Creatures of the Night

Chinese Vampires (Xixiegui)

Creature for use with GURPS China and/or GURPS Horror
By Darrell E. Hayhurst III

The legends of the highlands of northern China are filled with different kinds of evil dead. The vampires below are the least powerful and most common form of Chinese vampire, called Xixiegui (pronounced: shee-shie-gey) in Mandarin.

When the Dead Wake

Chinese vampires are walking corpses with no soul. They retain memories attached to the body's lifetime, but not the emotions attached to them. Any corpse can waken and walk among the living, but most corpses have no reason to do so. If a corpse feels stifled or is improperly buried, it may wake and begin to walk. Periodic offerings from the family usually keep the body satisfied, but sometimes the body is too restless or passionate to remain still. Once a corpse wakes it becomes a creature of pure evil.

When the corpse first awakens it is stiff and decomposed. Its movements are clumsy (maximum skill or DX level of 8) and it must use all its strength in quick bursts to move at all. The effect is that newly awakened bodies can only hop along the ground at half their usual Move. The bodies are always pale and bluish, cold to the touch and without heartbeat. Walking corpses do breathe; wanting air is what makes many bodies decide to wake in the first place.

As the corpse becomes more active, it slowly becomes more flexible. Each day the corpse adds one to its maximum skill roll, until all skills return to normal. After 1d6 days the corpse regains enough flexibility to walk normally. If an older corpse, each day the vampire regenerates one year's worth of decomposition until it takes on the appearance of a newly dead body.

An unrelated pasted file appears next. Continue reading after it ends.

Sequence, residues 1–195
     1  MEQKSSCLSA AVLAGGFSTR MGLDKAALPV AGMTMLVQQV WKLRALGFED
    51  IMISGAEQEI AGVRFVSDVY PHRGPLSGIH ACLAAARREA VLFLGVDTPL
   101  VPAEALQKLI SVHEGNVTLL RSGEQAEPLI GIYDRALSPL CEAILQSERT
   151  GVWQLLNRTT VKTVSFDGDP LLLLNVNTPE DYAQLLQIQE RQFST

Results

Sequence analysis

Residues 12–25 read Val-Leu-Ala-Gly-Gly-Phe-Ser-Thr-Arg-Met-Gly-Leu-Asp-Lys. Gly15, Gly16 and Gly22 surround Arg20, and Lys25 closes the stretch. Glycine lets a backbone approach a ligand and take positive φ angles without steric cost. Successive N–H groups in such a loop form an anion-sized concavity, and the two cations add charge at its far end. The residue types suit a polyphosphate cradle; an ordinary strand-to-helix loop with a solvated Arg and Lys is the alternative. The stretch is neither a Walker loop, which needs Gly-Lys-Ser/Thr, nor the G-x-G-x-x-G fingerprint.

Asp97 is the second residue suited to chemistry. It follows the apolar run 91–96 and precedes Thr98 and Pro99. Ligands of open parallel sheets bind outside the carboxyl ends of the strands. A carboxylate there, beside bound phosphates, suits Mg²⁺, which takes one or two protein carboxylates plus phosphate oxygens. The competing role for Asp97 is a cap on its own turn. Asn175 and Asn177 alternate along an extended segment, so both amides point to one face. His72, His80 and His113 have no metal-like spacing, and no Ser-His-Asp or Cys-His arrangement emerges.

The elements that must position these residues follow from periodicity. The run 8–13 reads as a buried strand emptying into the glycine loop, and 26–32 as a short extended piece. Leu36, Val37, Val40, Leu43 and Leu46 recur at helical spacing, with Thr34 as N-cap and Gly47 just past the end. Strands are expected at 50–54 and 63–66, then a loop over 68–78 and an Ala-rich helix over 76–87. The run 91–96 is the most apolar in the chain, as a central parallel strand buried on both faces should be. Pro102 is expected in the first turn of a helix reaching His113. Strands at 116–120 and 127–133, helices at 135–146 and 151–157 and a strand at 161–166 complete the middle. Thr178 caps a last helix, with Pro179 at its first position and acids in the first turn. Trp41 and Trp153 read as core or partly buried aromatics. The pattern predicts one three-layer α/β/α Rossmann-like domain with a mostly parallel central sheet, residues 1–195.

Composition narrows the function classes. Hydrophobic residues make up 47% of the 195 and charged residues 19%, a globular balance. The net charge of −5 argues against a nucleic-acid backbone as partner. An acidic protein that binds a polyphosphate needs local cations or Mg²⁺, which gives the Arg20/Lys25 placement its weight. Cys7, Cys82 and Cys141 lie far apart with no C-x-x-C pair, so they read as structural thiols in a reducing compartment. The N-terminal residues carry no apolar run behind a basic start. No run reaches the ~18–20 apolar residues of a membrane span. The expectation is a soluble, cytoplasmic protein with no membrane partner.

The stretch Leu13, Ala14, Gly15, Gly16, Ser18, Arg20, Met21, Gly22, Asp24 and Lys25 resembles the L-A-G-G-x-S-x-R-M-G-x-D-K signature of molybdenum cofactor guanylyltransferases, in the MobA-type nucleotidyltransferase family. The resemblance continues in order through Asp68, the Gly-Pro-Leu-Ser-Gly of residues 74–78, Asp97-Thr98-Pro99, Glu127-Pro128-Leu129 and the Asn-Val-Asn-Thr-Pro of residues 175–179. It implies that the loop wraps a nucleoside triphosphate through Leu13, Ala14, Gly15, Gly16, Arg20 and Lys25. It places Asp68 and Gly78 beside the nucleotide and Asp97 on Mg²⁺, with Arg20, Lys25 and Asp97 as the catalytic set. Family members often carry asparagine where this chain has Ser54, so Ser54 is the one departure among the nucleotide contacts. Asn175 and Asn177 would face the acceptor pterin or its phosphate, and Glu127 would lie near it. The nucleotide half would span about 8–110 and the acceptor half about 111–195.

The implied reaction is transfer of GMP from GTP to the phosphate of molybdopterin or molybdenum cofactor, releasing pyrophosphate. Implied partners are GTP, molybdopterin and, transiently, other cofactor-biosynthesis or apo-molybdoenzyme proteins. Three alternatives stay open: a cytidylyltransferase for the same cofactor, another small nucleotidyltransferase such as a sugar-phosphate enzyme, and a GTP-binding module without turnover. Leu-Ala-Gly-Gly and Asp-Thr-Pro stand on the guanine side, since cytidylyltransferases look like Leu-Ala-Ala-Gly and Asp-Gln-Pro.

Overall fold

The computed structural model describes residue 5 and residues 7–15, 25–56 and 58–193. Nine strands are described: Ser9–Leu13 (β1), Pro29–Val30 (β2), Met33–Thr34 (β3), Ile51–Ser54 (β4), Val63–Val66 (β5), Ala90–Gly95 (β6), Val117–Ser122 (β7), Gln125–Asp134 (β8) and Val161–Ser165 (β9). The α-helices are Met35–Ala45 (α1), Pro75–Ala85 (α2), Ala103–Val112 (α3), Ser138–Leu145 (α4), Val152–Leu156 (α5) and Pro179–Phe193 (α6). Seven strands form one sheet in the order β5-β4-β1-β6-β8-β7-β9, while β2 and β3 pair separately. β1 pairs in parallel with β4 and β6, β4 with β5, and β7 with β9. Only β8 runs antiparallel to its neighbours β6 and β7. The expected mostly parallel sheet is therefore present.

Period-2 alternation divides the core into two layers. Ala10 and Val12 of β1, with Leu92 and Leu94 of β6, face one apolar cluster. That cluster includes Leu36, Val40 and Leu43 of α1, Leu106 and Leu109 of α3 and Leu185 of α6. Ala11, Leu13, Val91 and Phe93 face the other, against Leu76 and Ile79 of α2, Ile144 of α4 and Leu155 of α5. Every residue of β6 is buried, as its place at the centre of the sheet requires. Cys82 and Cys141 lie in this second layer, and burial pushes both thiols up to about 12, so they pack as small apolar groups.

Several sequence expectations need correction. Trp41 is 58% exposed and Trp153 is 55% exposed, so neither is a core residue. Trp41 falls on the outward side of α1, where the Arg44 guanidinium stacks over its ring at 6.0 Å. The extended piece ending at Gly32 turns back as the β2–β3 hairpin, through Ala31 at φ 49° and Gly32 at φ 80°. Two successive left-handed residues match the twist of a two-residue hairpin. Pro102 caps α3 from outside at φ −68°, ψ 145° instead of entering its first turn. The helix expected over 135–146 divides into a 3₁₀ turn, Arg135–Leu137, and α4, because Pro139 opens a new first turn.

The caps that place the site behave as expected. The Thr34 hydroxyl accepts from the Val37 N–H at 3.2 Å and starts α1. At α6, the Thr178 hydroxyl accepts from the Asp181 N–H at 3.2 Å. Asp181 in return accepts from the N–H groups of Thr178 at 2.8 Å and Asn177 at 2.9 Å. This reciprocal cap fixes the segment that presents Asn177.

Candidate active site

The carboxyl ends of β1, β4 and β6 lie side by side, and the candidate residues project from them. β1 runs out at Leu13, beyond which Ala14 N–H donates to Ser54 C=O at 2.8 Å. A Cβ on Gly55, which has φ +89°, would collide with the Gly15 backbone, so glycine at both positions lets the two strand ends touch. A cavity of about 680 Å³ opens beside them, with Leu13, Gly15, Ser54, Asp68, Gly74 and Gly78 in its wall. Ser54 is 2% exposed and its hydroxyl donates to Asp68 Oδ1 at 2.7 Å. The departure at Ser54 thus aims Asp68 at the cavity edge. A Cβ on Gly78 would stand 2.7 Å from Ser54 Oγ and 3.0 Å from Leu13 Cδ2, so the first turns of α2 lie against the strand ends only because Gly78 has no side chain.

Bodies Without Souls

The vampire is not the person who died, but rather the person's body acting on its own. The body will retain all physical skills, but no mental skills. Xixiegui are primarily creatures of instinct, and that instinct is to feed. The corpse craves blood. Only human blood will satisfy a vampire, and the blood of a relative is the sweetest variety. Chinese vampires require the blood to survive, and lose one Fatigue point each day that they do not drink blood. Any lost fatigue points are recovered when the vampire drinks blood (see below).

Initially, the body will not be able to talk. It will make a constant, low moaning sound. As months and years pass the body's mind will grow stronger. Some mental skills will return and the corpse will be able to talk. Talking corpses will never befriend living creatures, but they will form alliances and Tongs with other talking dead.

All Chinese vampires have certain special powers. They all have superhuman strength (+ST 10 from living stats). Vampires can magically float from a prone position to a standing position at the beginning of their turn without taking a turn to stand up. They are totally immune to any attack that strikes them with metal. They will never be knocked down or moved by such an attack, and the metal weapon must roll to avoid breaking. Enchanted metal weapons work normally. Xixiegui have a DR of 3.

Most newly awakened bodies do not have eyesight. Instead, they can detect the breathing of the living. Any character, even if magically invisible, can be attacked normally if he is breathing. A sightless vampire is unable to attack a character holding his or her breath. After 1d6 days the creature's full eyesight is restored.

When Vampires Attack

Vampires may have fangs or tusks, but they do not inflict small puncture wounds. They bite with the full mouth and tear off large sections of flesh, then suck the blood from the wound. A vampire will only bite a victim that is unconscious or grabbed. The full bite does 2d6 damage, but is not impaling. After the bite the vampire drains 1d6 fatigue points from the victim each turn. When all the victim's fatigue is gone, further damage destroys HT. The victim dies at HT 0.

A victim's fatigue and HT damage cannot be recovered normally, only by magic or after the vampire is destroyed.